A page in the history of ice hockey will soon be turned. A page that contains many paragraphs. René Fasel, 71, will hand over the keys to his office as president of the International Ice Hockey Federation (IIHF) in September. Elected for the first time in 1996, the Swiss will leave his position after a quarter century leading the Federation.
Five candidates are lining up to replace him. Five men, all from Europe: Henrik Bach Nielsen from Denmark, Petr Briza from the Czech Republic, Sergej Goncharov from Belarus, Franz Reindl from Germany and Luc Tardif from France. All are members of the IIHF Council. Three of them, Luc Tardif, Petr Briza and Franz Reindl, played ice hockey at the professional level before embarking on a career in management.
Current treasurer of the international body, president of the French Ice Hockey Federation since its creation in 2006, Luc Tardif was the last to declare himself. But he is among the favorites. He answered the questions of FrancsJeux.
FrancsJeux: Why did you decide to enter the race for the IIHF’s presidency?
Luc Tardif: I wasn’t interested at first. But I was asked to be a candidate. I accepted because I have been on the IIHF Council since 2012, I am the treasurer, and I am also a member of the Executive Committee. I believe I have the experience to replace a president who has been in place for 25 years. I can ensure continuity without causing a jolt, while asserting my ambition, especially in terms of development. I know the tools and how our organization works well. I was involved in many of the important decisions taken over the last two years, after the cancellation of the 2020 World Cup in Switzerland and the transfer of the 2021 World Cup matches, initially allocated to Belarus, to Latvia. We have overcome these challenges while maintaining the financial health of the IIHF. For this presidential campaign, I did not want to stay in the waiting room. I wanted to be a player.
What is the major theme of your campaign?
Balance. The IIHF is the only international federation to organize a world championship every year in all categories. The World championship is our flagship product. It allows us to finance all other competitions. We need to maintain and improve its quality while continuing to develop ice hockey around the world. The IIHF currently has over 100 members. We need to increase this number further, especially in Asia, where the succession of the PyeongChang 2018 and Beijing 2022 Winter Games can contribute to the development of the game and the interest of the public. Another pillar of my program is sustainable development. Through technology, we have significantly reduced the carbon impact of ice rinks. We must remain at the forefront of technical progress, to offer the highest level of hockey while meeting sustainable requirements.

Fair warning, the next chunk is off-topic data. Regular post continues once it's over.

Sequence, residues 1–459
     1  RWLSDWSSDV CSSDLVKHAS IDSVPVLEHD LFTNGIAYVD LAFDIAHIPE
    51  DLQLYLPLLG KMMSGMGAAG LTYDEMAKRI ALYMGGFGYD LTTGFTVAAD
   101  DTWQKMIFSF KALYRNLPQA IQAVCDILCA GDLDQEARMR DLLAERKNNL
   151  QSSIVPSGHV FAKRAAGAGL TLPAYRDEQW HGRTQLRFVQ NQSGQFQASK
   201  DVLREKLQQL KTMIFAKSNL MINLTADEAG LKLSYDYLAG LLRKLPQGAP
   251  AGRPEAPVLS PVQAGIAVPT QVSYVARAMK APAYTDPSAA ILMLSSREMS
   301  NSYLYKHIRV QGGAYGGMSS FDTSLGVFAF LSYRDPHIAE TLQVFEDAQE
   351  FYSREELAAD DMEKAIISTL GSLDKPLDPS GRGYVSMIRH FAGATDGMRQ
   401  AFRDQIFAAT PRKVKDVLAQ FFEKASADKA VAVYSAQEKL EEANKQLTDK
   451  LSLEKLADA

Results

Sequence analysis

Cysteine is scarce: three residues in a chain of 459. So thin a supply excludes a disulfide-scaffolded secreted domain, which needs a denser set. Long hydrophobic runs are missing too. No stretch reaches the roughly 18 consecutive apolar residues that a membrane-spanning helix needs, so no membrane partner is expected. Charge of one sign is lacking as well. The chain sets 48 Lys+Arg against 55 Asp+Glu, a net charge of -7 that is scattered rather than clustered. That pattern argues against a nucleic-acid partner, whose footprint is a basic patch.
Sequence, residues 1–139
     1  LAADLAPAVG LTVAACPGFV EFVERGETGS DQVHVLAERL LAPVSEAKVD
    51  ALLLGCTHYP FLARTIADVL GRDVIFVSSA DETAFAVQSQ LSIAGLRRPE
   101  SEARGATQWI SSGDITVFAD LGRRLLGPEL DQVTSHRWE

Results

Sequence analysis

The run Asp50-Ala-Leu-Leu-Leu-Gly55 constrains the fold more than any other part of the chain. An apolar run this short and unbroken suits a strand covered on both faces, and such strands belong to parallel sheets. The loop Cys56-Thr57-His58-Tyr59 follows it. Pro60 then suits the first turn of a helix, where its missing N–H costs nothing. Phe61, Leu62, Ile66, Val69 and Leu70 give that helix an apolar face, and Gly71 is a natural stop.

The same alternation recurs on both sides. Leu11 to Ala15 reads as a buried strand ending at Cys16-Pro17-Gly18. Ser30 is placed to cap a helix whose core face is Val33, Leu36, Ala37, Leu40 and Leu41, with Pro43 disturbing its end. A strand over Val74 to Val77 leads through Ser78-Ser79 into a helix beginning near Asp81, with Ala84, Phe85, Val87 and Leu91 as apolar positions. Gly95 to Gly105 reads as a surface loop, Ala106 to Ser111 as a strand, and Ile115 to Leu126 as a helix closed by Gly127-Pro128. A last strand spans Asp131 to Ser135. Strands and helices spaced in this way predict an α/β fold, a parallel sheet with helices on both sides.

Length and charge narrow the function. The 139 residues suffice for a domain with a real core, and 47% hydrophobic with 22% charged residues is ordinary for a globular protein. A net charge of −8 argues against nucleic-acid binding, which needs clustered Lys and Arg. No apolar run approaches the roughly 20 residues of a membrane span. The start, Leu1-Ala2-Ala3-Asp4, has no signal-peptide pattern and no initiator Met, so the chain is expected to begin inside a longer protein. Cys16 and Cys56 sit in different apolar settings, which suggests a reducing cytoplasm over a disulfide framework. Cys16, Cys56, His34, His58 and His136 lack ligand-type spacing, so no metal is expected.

A campaign for the presidency of an international federation requires significant resources. Do you have enough to win?
You need resources, that’s obvious. But the IIHF remains a modest federation. In addition, the sanitary crisis has reduced travel possibilities for over a year. This makes the campaign less expensive. I have the support of the French Olympic Committee (CNOSF) for leaders who wish to launch an international bid. It notably concerns communications tools.
The five candidates for the presidency of the IIHF are all men, from a European country, already members of the Council and three of them are former top field hockey players. What distinguishes you from your four rivals?
France’s position. We are in the middle of the scale, having been a developing country before reaching the top level. As a French leader, I can embody the necessary balance that the IIHF will need to keep on progressing. But, whoever wins the election, we will have a more collegial functioning in the future. We have already discussed this among ourselves, the candidates, and have agreed on this.
As outgoing president without being a candidate for re-election, René Fasel will certainly play a role during the campaign. What is your relationship with him?
I have worked with him since I joined the IIHF Council. He asked me to introduce myself. He then gave me the role of treasurer. If elected, I will build on his legacy. I may not have been the favored candidate, but I will be loyal and independent.